During this holiday season, it is especially important for employers to be aware that they may be held responsible for the actions of their employees who may become impaired at a company-sponsored event. The following are some useful steps that employers should take to ensure that all of their attendees are able to enjoy the celebration in a safe and enjoyable environment.

  • Do not require employees to attend an event where alcohol will be served.
  • If alcohol is to be served, a clear and unequivocal communication should be circulated to the employees about appropriate employee behavior. This includes a warning about overconsumption and a clear condemnation of driving while intoxicated.
  • Plan the event so that entertainment or other activities are the primary focuses, and that the consumption of alcohol is only an incidental activity.
  • Ensure that the distribution of alcohol is done by licensed professionals who are trained to spot the signs of intoxication.
  • Management should lead by example and respond to any concerns about impairment at the event.
  • Consider having the bar close an hour or two before the party ends.
  • Serve non-alcoholic drinks and food if alcohol is to be served at the event.
  • Ensure that there is a procedure in place for transporting impaired employees home. This may include providing taxi chits, reimbursement for transportation, or arranging for designated drivers. If transportation cannot be arranged, employers should arrange for the employee to stay at a local hotel.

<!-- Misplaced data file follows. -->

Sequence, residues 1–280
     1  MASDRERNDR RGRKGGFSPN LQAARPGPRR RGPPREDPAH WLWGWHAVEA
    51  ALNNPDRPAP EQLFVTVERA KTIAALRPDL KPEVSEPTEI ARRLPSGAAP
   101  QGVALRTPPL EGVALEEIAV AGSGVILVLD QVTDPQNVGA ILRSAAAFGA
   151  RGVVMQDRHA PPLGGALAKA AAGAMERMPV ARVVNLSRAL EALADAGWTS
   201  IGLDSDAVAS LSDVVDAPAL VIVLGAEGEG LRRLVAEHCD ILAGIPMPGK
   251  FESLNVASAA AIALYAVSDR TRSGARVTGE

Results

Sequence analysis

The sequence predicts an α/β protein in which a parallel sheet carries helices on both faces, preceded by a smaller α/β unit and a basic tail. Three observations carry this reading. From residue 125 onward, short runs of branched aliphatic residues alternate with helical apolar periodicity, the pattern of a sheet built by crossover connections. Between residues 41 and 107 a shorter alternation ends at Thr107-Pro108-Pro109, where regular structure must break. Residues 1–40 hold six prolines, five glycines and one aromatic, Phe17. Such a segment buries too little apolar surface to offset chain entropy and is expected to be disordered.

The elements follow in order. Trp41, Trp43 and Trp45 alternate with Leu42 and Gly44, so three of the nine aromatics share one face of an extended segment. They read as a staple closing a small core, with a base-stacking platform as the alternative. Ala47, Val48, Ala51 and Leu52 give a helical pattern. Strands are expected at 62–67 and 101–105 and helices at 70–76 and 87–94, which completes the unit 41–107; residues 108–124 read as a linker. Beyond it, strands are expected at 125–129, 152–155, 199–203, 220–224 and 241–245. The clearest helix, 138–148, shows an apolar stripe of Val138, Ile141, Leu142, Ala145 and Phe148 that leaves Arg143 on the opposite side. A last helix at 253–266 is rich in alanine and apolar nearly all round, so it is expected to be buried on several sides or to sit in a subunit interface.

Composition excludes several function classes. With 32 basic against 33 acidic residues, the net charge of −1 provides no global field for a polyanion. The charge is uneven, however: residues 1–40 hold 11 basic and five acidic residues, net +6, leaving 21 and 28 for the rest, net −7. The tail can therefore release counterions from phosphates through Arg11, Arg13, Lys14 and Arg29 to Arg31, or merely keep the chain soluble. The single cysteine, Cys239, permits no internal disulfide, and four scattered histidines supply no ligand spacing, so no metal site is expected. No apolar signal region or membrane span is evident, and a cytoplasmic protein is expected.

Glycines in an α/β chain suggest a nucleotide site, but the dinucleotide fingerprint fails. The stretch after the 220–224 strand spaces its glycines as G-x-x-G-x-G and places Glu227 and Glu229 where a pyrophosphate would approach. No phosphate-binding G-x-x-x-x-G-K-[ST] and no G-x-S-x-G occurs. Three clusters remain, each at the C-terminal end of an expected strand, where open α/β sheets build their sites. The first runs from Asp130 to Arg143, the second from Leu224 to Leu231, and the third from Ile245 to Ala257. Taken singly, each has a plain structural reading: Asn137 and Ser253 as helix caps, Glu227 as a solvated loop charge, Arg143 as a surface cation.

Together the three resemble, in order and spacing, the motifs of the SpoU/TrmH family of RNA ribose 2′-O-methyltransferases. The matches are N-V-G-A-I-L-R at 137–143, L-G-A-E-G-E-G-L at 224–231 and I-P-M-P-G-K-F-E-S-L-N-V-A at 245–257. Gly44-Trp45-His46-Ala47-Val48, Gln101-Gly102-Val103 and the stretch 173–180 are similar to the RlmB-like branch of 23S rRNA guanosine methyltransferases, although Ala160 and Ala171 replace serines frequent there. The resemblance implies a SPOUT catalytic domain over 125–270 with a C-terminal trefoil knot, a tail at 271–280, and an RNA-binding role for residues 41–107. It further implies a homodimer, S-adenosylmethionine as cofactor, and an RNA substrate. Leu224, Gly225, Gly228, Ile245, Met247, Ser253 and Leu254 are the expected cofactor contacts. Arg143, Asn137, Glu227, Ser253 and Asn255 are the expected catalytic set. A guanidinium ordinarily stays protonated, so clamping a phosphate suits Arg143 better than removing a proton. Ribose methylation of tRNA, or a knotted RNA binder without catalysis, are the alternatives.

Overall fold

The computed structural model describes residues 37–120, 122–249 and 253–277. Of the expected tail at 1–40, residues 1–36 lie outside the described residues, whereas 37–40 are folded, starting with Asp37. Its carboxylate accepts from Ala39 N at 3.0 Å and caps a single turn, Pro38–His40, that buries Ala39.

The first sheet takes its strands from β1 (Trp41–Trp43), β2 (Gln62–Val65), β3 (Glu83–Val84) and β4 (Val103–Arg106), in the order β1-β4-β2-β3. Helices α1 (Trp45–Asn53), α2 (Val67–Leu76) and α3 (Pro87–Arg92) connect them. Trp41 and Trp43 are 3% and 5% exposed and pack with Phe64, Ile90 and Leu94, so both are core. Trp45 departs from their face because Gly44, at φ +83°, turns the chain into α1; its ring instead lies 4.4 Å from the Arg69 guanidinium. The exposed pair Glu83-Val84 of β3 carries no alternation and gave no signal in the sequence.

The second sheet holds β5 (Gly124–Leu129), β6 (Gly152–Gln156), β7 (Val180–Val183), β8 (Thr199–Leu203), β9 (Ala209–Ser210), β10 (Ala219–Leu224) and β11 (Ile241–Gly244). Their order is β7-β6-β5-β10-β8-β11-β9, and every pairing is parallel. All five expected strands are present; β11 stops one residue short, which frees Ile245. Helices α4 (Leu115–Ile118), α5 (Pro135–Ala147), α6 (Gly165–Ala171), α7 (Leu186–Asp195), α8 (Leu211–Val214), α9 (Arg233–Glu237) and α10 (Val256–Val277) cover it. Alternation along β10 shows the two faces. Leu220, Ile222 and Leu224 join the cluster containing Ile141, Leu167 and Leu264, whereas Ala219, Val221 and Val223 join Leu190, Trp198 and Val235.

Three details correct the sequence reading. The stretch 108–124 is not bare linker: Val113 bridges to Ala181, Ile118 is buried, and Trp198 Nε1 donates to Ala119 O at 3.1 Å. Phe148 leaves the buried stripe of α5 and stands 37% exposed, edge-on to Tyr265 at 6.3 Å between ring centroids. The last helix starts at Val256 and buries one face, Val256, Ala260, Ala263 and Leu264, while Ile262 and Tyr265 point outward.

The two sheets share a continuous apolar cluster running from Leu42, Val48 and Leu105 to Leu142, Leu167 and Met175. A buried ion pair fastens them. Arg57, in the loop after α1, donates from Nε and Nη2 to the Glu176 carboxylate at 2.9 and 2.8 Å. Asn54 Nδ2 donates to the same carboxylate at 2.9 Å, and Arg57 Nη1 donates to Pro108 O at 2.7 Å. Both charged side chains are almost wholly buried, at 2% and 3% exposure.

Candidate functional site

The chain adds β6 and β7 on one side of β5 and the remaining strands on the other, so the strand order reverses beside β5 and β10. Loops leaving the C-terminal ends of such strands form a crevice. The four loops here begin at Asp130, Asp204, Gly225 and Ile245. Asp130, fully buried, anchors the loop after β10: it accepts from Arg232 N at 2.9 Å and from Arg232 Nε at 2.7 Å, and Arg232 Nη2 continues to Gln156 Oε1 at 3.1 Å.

• If an employee does become intoxicated, intervene to ensure that the employee does not jeopardize their safety and the safety of others around them by driving while intoxicated. Whatever is done, you should not allow them to drive while intoxicated. If the employee continues to insist on driving and attempts to do so, you should call the police for assistance.

With these tips in mind, we wish you and your employees a safe and happy holiday season!

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This newsletter is not intended as legal advice.  Any employer or organization seeking assistance should feel free to contact a Mathews Dinsdale lawyer for assistance.